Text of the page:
PlanetKit is a game programming library for building interactive virtual worlds, most of which will probably involve friends trying to kill each other in one way or another. I'm writing it in the Rust programming language, which I'm finding delightful to work with, and a great fit for the task.
About a year ago I packed my life into a bag and flew off to the other side of the world to find myself. Or something like that. And while I did get back to working at least a little bit on PlanetKit when I got back, it's taken me this long to start blogging again.
I want to dive into some really specific things in my next post, so I'm going to clear the way for that with a quick summary of what I've been working on over the past year.
Small steps toward making PlanetKit usable as a library
I published version 0.0.1 of the
planetkit crate, primarily as an exercise in getting something out there. I would be really surpised if anyone is actually attempting to use it for anything at this point. (I assume the few downloads are things like docs.rs, crates.io, mirrors, etc.) But if you do happen to tinker with it for anything at all, please say hi!
To aid with untangling the "library" part of PlanetKit from the "application" part, I added boilerplate for a small single-player game I intend to make involving a shepherd rescuing sheep who have fallen into holes. I deviated from this as soon as I realised that whatever I do for loading and saving levels will inevitably be influenced by the approach I take to networking. So I figured I need to have a think about networking before putting much effort into any individual game.
Network nodes listen for TCP connections if they are the "master" of the game. Once a connection is established, both client and server will also accept messages over UDP, for the kinds of messages where reliability can be happily traded for lowering latency — e.g. player position updates. They all end up in the same queues at the other end, regardless of transport.
Messages are encoded using Serde, currently as JSON for ease of inspecting them on the wire, but I'll probably switch to something like Bincode.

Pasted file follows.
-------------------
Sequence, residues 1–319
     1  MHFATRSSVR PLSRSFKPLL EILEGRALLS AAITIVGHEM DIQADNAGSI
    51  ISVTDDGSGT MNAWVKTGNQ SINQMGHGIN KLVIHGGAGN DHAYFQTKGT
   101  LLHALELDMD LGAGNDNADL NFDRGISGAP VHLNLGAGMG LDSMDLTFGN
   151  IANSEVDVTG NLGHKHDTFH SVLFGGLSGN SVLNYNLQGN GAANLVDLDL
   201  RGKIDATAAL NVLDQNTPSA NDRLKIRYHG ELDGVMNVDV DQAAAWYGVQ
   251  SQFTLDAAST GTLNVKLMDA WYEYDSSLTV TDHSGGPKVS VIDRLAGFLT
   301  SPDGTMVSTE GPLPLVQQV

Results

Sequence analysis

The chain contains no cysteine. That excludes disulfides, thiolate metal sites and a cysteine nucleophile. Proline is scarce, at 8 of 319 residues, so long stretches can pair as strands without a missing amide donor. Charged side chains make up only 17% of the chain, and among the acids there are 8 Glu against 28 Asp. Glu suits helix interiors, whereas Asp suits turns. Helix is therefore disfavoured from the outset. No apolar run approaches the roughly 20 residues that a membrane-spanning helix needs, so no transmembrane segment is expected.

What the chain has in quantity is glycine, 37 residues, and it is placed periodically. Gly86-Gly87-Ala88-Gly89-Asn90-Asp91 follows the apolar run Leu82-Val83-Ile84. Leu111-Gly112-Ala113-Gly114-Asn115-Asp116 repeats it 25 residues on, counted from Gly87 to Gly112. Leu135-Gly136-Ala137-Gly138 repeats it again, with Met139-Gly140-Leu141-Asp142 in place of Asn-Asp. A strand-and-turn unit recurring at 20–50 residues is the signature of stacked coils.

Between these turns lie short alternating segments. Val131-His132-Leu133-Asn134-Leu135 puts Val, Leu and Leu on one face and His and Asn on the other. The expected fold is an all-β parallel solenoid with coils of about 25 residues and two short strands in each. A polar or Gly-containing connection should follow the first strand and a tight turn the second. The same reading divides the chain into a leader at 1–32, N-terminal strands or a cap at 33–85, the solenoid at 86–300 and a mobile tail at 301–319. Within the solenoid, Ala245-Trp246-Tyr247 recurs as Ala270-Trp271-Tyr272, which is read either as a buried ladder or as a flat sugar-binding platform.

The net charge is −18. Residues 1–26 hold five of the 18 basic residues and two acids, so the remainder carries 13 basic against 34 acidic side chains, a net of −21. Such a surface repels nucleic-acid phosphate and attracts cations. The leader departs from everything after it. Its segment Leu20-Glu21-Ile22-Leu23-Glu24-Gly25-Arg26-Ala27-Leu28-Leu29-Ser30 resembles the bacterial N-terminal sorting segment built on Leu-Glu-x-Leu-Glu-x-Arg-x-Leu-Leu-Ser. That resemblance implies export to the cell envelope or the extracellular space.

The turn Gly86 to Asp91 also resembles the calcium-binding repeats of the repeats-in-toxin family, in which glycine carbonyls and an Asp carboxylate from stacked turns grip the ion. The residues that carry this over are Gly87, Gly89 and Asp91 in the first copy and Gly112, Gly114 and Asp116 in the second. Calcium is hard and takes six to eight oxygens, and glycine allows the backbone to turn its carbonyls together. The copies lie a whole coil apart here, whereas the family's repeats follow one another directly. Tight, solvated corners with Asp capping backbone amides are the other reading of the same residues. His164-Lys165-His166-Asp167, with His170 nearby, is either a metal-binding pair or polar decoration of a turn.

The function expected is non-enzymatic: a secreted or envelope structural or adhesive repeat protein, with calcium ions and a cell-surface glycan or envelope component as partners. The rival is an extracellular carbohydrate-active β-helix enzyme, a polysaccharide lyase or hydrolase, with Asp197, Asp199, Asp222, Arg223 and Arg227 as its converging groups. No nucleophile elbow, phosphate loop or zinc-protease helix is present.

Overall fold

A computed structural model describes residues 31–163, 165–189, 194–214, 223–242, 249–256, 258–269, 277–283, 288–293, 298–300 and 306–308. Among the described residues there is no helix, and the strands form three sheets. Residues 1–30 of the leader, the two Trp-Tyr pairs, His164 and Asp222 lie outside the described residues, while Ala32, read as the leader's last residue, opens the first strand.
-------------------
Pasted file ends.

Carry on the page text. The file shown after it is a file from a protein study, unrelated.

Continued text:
I don't think I built much more than I need for my networking code, but there ended up being a surprising amount to it anyway.
This is my first go at building something like this, so it definitely leaves a lot to be desired. And I might have missed a crate that does all this for me. But if there does turn out to be a gap in the ecosystem for a basic game-oriented networking library, then I'd be happy to either extract this from PlanetKit as a starting point (or at least straw-man proposal), or contribute to something else.
Token multiplayer game
Out of the networking experiments came a technically playable game: "Kaboom". At this point you can wander around the globe, fire grenades which explode on a timer, and win points if your grenade explodes close enough to another player.
All of this is pretty bare-bones right now. By "grenade" I mean the same three-axes placeholder model used for players. By "explode" I mean that it disappears, and maybe causes another player to be respawned. But you can win points by playing better than your opponent, so I guess it counts as a game!
Trying to run in a browser
I spent some time trying to get PlanetKit running in the browser using Emscripten. I think it's pretty close now. I'm a long way off being able to run any meaningful portion of it using the
wasm32-unknown-unknown target, but I might actually be only a single shader compilation quirk away from getting something running using the
As I mentioned up top, I want to start diving in to some more specific things as I work on them, rather than just doing occasional summaries. So in my next PlanetKit post I'm going to document the process of debugging something that's been bothering me for a while.
As always, the source for everything I'm talking about here is up in the planetkit repository on GitHub.